[1] Age based upon report in, 1920 United States Federal Census, [database on-line]. Provo, UT, Accessed April 26, 2013.

[2] Jim Downs, Sick from Freedom: African-American Illness and Suffering During the Civil War and Reconstruction (Oxford University Press, 2012), 157–158.

[3], U.S., Descriptive Lists of Colored Volunteer Army Soldiers, 1864, 1920 United States Federal Census, [database on-line]. Provo, UT. Accessed April 26, 2013.

[4] His fate is unknown, though there were very high casualty rates among the USCT regiments and the 1870 Census lists Josephine as a widow.“41st Regiment United States Colored Troop,” accessed April 26, 2013, For the military experience of black soldiers, see for example John David Smith, Black Soldiers in Blue: African American Troops in the Civil War Era (Univ of North Carolina Press, 2004); Richard Slotkin, No Quarter: The Battle of the Crater, 1864, 1st ed (New York: Random House, 2009); Kevin M. Levin, Remembering The Battle of the Crater: War as Murder (University Press of Kentucky, 2012).

[5] “Bethel Weekly Bulletin,” July 28, 1929, Bethel Archives, Indianapolis, Indiana.

[6] Jim Downs, Sick from Freedom: African-American Illness and Suffering During the Civil War and Reconstruction (Oxford University Press, 2012), 16–21.

[7] “Bethel Weekly Bulletin.”

[8]  Minute Book 1871-1873, Bethel Archives, Indianapolis, Indiana.

[9] Emma Lou Thornbrough, The Negro in Indiana Before 1900: a Study of a Minority (Bloomington: Indiana University Press, 1993), 320–338.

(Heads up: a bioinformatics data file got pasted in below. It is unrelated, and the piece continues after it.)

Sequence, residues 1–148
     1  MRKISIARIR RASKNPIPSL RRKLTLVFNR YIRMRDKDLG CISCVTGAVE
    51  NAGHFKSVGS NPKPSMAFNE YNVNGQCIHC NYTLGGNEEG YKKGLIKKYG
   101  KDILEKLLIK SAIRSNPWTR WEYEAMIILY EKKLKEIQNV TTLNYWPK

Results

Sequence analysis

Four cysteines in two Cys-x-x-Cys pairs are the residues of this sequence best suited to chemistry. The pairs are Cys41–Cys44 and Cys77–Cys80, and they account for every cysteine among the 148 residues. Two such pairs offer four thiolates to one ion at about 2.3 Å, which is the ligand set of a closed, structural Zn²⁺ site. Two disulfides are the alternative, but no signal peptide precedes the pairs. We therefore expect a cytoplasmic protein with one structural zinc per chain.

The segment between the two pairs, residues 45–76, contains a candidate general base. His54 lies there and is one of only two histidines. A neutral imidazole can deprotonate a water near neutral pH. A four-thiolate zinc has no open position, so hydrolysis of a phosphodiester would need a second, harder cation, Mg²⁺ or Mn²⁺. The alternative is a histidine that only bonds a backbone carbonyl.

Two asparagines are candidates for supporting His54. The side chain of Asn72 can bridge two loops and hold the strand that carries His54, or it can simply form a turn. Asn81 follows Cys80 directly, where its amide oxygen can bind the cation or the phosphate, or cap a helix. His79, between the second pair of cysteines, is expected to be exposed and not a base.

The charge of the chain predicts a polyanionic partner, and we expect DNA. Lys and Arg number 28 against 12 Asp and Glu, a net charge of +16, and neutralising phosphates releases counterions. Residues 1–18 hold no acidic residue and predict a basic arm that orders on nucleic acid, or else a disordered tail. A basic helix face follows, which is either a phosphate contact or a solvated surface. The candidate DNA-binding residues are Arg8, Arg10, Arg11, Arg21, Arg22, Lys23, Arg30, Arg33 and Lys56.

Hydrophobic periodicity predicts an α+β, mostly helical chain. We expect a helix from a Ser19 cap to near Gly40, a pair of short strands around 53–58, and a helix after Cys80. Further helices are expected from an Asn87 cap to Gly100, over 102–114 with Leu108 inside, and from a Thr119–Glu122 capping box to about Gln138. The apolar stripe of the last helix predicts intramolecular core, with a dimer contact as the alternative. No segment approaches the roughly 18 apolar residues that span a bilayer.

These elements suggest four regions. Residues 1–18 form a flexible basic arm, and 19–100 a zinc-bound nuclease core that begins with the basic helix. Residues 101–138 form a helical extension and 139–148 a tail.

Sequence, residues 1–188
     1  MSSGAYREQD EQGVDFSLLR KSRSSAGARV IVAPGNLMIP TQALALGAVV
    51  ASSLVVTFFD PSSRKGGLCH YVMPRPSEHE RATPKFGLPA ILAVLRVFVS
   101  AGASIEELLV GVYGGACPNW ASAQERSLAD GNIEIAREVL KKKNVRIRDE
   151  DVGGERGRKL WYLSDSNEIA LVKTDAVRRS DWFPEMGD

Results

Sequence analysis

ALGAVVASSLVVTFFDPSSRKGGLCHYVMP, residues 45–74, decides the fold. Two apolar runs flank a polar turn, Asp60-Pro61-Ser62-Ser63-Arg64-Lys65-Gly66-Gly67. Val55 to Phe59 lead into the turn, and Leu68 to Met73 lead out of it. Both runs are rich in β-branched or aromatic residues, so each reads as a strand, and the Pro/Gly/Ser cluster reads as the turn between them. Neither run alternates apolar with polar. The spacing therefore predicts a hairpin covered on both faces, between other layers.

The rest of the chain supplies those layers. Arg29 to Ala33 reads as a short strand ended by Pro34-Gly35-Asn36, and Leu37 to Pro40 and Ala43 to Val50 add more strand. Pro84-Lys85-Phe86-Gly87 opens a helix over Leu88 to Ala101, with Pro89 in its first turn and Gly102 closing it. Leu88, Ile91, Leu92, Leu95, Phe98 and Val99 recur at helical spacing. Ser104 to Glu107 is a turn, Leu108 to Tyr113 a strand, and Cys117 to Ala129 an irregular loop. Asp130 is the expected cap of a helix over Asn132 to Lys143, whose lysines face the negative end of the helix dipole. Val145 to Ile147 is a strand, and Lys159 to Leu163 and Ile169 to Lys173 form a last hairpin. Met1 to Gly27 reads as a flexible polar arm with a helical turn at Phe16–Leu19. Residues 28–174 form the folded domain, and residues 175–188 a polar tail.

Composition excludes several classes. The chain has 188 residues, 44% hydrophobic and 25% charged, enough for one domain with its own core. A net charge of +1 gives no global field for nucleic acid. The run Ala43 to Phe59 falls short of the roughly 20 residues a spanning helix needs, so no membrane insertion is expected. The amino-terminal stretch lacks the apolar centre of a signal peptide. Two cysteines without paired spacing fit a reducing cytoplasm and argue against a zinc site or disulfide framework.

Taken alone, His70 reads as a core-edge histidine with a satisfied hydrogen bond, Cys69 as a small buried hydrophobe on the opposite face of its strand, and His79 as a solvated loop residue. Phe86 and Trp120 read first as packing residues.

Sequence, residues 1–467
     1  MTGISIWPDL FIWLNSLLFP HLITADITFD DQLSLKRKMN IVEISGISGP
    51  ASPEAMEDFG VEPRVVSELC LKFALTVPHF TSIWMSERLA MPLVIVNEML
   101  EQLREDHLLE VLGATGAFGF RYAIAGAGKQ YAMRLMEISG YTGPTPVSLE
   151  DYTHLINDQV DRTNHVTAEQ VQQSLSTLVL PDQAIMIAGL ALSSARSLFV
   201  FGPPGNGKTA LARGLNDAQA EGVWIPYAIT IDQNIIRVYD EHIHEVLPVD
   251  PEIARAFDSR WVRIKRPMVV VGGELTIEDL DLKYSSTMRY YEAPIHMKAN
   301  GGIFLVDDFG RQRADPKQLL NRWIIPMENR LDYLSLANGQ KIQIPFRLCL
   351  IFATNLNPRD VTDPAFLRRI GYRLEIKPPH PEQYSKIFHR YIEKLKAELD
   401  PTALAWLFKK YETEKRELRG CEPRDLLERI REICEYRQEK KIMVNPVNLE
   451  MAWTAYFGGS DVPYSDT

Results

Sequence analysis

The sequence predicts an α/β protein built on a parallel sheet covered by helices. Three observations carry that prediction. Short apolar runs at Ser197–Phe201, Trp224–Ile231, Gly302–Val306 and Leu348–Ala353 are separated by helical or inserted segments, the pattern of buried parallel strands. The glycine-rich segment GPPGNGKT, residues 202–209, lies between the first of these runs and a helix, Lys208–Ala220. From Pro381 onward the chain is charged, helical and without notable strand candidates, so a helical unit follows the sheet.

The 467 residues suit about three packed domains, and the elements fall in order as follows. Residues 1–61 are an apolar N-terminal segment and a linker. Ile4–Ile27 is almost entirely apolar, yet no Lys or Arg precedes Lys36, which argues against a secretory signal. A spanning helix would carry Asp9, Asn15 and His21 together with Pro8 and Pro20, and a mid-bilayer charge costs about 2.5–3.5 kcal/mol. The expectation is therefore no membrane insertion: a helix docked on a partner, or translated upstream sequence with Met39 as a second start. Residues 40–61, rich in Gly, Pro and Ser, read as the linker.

[10] Downs, Sick from Freedom.

[11] Indianapolis City Directories, IUPUI Digital Archives, accessed April 26, 2013.

[12] The Christian Recorder, April 13, 1888.

[13] There is a large literature on African American women and AME Church, for example see Julius Bailey, Around the Family Altar: Domesticity in the African Methodist Episcopal Church, 1865-1900 (University Press of Florida, 2005); Evelyn Brooks Higginbotham, Righteous Discontent: The Women’s Movement in Black Baptist Church 1880-1920 (Harvard University Press, 1993); Jualynne E. Dodson, Engendering Church: Women, Power, and the Ame Church (Rowman & Littlefield, 2002).

[14] Leslie A. Schwalm, Emancipation’s Diaspora: Race and Reconstruction in the Upper Midwest (University of North Carolina Press, 2009), 135–141; Thornbrough, The Negro in Indiana Before 1900, 339–332.

[15] Earline Rae Ferguson, A Community Affair: African-American Women’s Club Work in Indianapolis, 1879-1917 (Indiana University, 1997).

[16] 1920 United States Federal Census.

The Ransom Place National REgister Distrct, historcally home to many parishioners,  sugggests the apperance of the thoulsands of workign class homes demolished as part of urban renewal, hospitol and university expansion.

The Ransom Place National Register District, historically home to many parishioners, suggests the appearance of the thousands of working class homes demolished as part of urban renewal, hospital and IUPUI university expansion.

[17] 1930 United States Federal Census.

[18] David J. Bodenhamer and Robert G. Barrows, The Encyclopedia of Indianapolis (Indiana University Press, 1994), “Bethel AME Church.”

[19] “Josephine A. Dupee,”, Accessed April 26, 2013.